A hospital has denied it needs to spend £65m to replace faulty plumbing in its 21-year-old building.
Copper pipes showed problems at Ysbyty Gwynedd after 10 years
Ysbyty Gwynedd said problems with its copper pipes started to show within 10 years of the Bangor hospital opening.
But it said replacing the pipework would cost £20m, not the £65m quoted in a note disclosed by the assembly under Freedom of Information (FOI) laws.
North West Wales NHS Trust said the pipes bill was part of extensive refurbishment plans costed at £54m.
The figure of £65m is suggested in a briefing document on capital investment compiled by the Welsh Assembly Government and released under FOI regulations.
It reads: "The corrosion of copper water services at Ysbyty Gwynedd was first cited as a potential problem in 1993 and has been closely monitored and maintenance carried out.
The new proposals would improve facilities as well as the plumbing
"In order to avoid possible major failures and the consequences, it is proposed that all copper pipe-work services within Ysbyty Gwynedd should be replaced at an estimated cost around £65m."
But the figure is a combination of the overall refurbishment plans for both Ysbyty Gwynedd in Bangor and Wrexham Maelor Hospital in Wrexham.
North West Wales NHS Trust, said its current refurbishment estimate of £54m included the pipes' work as well as plans to "substantially upgrade and modernise hospital facilities".
Wrexham Maelor Hospital has bid to spend £10m on refurbishment, including £1m on new plumbing, with a further £5m on a temporary working space for wards while any upgrade is carried out.
In a statement, North West Wales NHS Trust said: "Ysbyty Gwynedd was opened in 1984.
"Due to a combination of factors, the pipes have been prone to leaking and this has posed a risk of catastrophic loss of service and general health and safety hazards.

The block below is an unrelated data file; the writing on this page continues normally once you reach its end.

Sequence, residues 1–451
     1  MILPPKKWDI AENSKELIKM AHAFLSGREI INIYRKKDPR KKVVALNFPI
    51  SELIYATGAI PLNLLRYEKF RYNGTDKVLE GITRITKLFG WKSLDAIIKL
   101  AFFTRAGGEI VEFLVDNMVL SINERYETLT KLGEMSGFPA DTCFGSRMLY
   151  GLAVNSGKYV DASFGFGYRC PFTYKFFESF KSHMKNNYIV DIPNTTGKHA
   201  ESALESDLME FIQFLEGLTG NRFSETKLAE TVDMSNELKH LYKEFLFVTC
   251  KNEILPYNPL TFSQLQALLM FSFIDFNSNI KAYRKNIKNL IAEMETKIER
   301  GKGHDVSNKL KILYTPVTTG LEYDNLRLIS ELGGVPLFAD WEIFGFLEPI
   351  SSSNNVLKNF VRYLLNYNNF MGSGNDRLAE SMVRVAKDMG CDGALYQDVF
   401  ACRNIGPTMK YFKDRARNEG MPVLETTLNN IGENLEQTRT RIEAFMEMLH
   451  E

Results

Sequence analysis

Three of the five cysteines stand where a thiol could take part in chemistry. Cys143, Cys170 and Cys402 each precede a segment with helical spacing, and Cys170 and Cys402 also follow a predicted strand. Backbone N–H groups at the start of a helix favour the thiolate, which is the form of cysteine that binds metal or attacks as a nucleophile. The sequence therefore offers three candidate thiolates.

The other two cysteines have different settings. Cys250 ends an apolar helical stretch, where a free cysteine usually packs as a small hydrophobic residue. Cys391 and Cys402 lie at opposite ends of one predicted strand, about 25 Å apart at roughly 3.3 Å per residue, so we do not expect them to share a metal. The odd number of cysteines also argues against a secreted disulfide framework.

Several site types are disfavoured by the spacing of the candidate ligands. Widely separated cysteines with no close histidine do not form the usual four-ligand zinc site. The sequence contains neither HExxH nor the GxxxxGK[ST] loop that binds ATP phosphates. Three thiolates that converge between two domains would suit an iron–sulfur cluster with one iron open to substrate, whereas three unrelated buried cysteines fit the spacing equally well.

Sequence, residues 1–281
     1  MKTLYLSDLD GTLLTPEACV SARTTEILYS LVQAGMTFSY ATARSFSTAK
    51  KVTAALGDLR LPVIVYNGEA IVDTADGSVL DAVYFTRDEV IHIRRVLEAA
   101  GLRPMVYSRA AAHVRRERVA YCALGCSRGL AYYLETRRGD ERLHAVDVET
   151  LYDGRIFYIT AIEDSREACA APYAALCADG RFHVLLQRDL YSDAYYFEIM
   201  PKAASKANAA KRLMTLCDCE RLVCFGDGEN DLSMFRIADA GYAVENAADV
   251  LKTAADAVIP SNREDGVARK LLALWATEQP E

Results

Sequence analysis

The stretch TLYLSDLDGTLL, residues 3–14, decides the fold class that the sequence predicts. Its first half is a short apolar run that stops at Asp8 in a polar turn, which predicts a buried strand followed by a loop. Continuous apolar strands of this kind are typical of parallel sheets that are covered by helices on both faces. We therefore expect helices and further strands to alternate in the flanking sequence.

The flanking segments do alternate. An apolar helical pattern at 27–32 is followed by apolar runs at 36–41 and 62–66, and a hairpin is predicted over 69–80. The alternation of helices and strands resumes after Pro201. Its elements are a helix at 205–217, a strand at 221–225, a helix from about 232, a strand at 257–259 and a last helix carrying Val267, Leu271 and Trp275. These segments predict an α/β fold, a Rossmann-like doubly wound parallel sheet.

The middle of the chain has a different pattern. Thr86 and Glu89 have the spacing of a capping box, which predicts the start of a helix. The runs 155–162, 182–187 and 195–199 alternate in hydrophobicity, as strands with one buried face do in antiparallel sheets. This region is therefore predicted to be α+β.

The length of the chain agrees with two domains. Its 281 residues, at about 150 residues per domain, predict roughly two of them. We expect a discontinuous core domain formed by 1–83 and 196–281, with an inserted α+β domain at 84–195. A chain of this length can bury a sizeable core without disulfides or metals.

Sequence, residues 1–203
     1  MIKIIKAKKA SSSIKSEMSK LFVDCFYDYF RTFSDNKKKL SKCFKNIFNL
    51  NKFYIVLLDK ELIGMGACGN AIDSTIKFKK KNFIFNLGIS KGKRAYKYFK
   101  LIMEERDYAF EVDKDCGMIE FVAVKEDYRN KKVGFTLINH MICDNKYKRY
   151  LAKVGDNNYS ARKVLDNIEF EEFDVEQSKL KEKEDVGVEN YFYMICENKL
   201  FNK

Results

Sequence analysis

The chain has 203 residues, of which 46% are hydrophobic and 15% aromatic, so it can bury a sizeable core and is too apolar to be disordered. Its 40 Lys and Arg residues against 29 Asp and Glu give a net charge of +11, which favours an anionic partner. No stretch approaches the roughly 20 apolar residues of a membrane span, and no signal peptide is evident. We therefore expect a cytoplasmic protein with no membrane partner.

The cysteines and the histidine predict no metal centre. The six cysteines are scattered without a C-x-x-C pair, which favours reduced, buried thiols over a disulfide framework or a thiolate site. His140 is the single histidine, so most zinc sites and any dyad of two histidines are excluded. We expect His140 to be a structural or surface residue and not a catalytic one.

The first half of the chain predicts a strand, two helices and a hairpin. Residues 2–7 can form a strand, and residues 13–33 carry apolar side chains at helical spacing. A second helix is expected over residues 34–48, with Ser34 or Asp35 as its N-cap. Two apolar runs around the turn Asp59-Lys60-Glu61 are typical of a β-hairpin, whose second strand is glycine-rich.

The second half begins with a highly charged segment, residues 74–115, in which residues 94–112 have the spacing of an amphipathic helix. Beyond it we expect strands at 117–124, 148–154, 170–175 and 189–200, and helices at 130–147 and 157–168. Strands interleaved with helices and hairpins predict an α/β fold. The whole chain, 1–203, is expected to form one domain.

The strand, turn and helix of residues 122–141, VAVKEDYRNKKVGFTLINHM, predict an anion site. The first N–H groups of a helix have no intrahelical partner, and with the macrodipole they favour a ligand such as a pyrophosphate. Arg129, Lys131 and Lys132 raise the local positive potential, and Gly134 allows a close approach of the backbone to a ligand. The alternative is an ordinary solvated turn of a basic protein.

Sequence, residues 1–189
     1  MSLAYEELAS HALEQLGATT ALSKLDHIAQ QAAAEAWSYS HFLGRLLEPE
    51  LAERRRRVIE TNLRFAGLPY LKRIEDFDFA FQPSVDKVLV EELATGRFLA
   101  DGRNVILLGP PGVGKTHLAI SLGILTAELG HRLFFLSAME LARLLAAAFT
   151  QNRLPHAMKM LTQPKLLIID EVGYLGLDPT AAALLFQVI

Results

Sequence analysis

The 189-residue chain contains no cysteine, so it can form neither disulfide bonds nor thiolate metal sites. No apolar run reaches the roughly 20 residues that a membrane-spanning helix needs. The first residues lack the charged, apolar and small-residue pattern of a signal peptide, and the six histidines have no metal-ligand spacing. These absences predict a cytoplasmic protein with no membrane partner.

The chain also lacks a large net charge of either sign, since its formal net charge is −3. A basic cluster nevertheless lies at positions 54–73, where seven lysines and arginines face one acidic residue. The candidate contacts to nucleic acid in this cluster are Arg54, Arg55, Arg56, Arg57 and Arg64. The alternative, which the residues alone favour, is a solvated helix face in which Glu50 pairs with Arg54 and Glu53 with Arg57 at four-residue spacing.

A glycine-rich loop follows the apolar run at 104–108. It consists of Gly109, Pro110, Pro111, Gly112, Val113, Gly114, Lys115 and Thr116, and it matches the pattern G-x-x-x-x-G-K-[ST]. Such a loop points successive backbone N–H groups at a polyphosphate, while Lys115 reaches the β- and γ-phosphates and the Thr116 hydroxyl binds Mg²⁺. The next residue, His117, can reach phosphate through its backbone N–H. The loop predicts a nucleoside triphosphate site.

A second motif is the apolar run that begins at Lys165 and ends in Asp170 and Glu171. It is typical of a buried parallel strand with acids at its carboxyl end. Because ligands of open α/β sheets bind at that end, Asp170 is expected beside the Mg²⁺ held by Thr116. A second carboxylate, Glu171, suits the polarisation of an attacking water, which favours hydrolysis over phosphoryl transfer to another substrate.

"The work in involved with the replacement of copper pipes throughout the hospital will cause significant disruption."
The trust said the new proposals would expand the hospital's high dependency unit from two beds to six, improve facilities for teenagers on the children's ward and bring extra toilets and shower facilities.
They would also involve installing double glazing, better insulation and energy-efficient lighting, as well replacing the existing pharmacy, it said.
'No final decision'
An assembly government spokesperson said no decision had been made on what repair options, which started at £20m, would be pursued at the hospital
An assembly government spokesperson said: "The cost of options for carrying out the work, which are being considered at the moment, vary from £20m to £54m.
"We are at an early stage of the business case process and no final decisions have been taken on which option will be chosen.
"The work on the copper-piping has to be carried out in order to protect the rest of the building."